No matter the work environment, workplace safety should always be the number one priority for both employers and employees, and the manufacturing industry is no exception. However, safety management for manufacturing companies can be particularly tricky. When it comes to manufacturing, safety hazards are almost always a guarantee. Thus, to ensure a safe workplace at all times, it’s vital that manufacturers provide rigorous safety training, adhere to strict safety procedures, and — perhaps most importantly — conduct regular safety meetings. We’ve organized a few helpful pointers to help you do just that.
Why are safety meetings important?
The occupational health, safety, and overall success of any manufacturing facility depend solely on having a strong safety culture in place. This is sometimes referred to as an EHS (i.e., “environmental health and safety”) management system. Without one, manufacturing work areas quickly become a recipe for poor productivity, workplace injuries, and even fatalities.
Your team members must therefore always be aware of any potential hazards of the job. Moreover, everyone involved should also be familiar with what precautions to take, what safety equipment to use, what safety procedures to follow in any given scenario, and so on. The only way to ensure that everyone is both safe and on the same page — in their individual workspaces and beyond — is to keep everyone well-informed, well-prepared, and up-to-date. Without regular safety meetings that simply isn’t realistic.
Common Safety meeting topics in the manufacturing industry
With nearly 600,000 facilities nationwide, manufacturers make up nearly 9% of the country’s total workforce today (according to the U.S. Bureau of Economic Analysis). Since no manufacturer is the same, the specific topics your meetings cover will ultimately depend on what type of facility you’re operating. In other words, your list of topics may be a lot greater — or smaller — than the one below. Here are a few manufacturing safety topics common across the board:
Personal protective equipment
PPE is often the first step in keeping workers safe. PPE can range from simple safety goggles and earplugs and/or earmuffs to respirators, gloves, shoes, face shields, hard hats, hazmat suits, and so on. Whatever the job calls for, it’s vital that each member of your team knows why, when, and how to properly protect themselves and others. Meanwhile, the PPE itself can get damaged, become less effective with frequent use, and/or need to be updated or replaced. So it’s vital that you and your staff are both aware of and able to respond to any changes accordingly.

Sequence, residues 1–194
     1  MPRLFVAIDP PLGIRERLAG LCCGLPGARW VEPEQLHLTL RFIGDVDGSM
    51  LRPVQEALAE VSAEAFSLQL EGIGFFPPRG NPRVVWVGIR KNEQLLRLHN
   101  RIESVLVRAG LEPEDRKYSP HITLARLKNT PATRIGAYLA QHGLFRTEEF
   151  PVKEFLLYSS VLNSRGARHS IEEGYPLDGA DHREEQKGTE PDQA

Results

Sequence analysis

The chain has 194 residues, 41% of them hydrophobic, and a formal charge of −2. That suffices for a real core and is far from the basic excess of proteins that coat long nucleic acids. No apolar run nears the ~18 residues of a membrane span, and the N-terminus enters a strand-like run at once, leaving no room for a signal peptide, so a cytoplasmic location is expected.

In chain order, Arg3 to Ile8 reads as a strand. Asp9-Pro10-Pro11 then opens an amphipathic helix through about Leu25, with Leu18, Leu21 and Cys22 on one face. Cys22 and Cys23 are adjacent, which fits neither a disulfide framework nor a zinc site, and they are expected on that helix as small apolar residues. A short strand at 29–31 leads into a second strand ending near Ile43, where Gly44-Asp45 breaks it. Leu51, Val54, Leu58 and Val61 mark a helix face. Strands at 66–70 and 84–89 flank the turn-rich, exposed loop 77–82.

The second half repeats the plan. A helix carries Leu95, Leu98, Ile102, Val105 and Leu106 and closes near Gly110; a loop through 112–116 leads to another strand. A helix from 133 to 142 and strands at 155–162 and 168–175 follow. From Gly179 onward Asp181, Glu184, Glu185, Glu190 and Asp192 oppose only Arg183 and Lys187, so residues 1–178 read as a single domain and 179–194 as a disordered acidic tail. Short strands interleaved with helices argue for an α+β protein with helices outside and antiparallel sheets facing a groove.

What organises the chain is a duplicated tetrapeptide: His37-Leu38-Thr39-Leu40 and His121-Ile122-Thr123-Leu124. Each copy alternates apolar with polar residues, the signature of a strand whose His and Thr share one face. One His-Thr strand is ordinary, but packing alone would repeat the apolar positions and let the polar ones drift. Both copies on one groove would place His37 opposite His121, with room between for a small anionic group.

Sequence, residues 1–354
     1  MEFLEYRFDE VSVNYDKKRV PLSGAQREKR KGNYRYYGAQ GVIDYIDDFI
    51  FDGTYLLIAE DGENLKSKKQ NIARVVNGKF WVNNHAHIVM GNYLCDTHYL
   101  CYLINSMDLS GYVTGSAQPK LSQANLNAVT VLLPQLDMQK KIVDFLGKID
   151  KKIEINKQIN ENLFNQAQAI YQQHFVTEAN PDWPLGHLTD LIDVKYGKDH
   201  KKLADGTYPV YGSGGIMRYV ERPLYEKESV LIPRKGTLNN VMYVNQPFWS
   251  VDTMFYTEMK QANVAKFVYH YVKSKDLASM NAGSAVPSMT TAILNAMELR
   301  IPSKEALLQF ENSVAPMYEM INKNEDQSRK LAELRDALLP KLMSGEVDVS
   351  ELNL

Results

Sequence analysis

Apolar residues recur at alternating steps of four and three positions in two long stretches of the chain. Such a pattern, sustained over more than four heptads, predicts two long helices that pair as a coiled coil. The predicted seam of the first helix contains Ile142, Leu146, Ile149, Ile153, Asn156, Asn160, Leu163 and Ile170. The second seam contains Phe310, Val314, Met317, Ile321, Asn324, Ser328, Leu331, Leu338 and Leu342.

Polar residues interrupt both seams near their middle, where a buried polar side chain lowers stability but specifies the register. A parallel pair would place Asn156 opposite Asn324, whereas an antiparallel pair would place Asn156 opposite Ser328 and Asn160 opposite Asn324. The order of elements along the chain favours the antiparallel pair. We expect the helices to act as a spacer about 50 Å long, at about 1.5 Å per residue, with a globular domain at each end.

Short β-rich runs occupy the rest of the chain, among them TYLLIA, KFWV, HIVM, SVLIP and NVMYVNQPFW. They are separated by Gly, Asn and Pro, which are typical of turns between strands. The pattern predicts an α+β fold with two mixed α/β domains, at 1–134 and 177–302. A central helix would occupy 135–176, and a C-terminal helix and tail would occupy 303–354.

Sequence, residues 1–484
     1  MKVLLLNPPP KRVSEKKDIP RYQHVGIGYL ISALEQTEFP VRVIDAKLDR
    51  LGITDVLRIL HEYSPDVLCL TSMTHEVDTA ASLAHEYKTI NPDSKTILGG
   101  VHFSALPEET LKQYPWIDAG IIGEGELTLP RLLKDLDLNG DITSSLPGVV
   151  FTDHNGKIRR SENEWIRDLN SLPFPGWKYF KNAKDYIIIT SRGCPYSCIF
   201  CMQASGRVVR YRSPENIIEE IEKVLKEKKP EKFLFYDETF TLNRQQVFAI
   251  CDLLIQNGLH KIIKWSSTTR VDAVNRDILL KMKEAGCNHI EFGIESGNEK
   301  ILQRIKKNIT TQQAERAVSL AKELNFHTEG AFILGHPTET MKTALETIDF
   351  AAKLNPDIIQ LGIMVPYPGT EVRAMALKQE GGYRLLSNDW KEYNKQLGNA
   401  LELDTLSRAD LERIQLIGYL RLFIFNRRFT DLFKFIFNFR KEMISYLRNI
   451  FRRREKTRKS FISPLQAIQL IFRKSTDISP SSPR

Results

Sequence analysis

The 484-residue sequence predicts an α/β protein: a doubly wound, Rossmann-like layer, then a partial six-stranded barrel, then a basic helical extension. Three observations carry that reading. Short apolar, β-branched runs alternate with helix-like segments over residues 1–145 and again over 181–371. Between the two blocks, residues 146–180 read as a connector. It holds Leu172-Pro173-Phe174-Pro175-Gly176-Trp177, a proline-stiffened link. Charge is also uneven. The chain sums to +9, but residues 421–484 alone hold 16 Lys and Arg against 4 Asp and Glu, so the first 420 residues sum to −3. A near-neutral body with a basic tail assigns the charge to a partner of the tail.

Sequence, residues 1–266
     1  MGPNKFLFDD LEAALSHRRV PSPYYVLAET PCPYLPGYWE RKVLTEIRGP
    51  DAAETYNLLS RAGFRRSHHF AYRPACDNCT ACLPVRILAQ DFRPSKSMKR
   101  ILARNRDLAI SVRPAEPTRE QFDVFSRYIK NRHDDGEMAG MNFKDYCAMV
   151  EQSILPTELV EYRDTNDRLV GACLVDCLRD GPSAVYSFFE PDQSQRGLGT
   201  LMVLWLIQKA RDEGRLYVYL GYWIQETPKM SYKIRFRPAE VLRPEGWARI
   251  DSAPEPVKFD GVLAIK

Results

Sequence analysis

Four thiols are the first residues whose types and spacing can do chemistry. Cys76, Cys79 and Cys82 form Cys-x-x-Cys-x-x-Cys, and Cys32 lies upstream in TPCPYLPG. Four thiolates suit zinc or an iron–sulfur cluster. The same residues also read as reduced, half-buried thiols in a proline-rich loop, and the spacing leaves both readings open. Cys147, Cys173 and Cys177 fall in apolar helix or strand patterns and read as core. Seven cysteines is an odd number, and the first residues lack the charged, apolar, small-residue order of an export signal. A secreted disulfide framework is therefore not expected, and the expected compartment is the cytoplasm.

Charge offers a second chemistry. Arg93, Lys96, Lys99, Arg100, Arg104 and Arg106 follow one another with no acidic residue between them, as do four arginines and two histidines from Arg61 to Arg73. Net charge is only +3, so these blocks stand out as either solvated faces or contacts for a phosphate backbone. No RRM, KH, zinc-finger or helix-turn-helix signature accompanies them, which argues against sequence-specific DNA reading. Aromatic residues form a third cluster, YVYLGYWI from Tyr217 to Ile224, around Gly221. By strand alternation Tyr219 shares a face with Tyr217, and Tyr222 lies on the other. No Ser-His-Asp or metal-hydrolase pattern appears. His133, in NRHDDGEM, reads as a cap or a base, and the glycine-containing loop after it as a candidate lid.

Meanwhile, the machines that manufacturers use also vary greatly in type, size, weight, noise, number of moving parts, and so on. The dangers they might pose are therefore countless too. Machine guarding, essentially ensures that your employees avoid injury by properly safeguarding the equipment they operate — from saws to drills to mills to pumps to forklifts, and beyond. OSHA has some very specific standards and guidelines to help make sure all the machines at your facility —and, thereby, the people who operate them — remain safe.
In case a machine and/or equipment malfunctions, lockout/tagout (aka LOTO) is equally important. LOTO ensures that machines promptly shut off if things go wrong, and it prevents them from restarting until they’re repaired. LOTO, thereby, essentially prevents near misses from becoming much more serious issues.
Even if your facility doesn’t require any heavy-duty machinery, most manufacturers these days can’t really operate without electricity. Electrical safety is, therefore, one of the key topics for manufacturing safety too. Torn, tangled, exposed and/or improperly grounded cables and wires, loose electrical connections, and substandard insulation are just some common examples of electrical hazards. Your staff should always be aware of the risks they entail — as well as how to keep those risks minimal.
Electrical hazards, in turn, often go hand in hand with fire hazards. Most manufacturing workplaces in the country will — at the very least — provide fire extinguishers, along with basic “toolbox talks” on how and when to use them. But if your facility happens to be particularly fire-prone — then extensive review and implementation of various fire safety procedures should obviously be on top of your meeting agenda more often than not.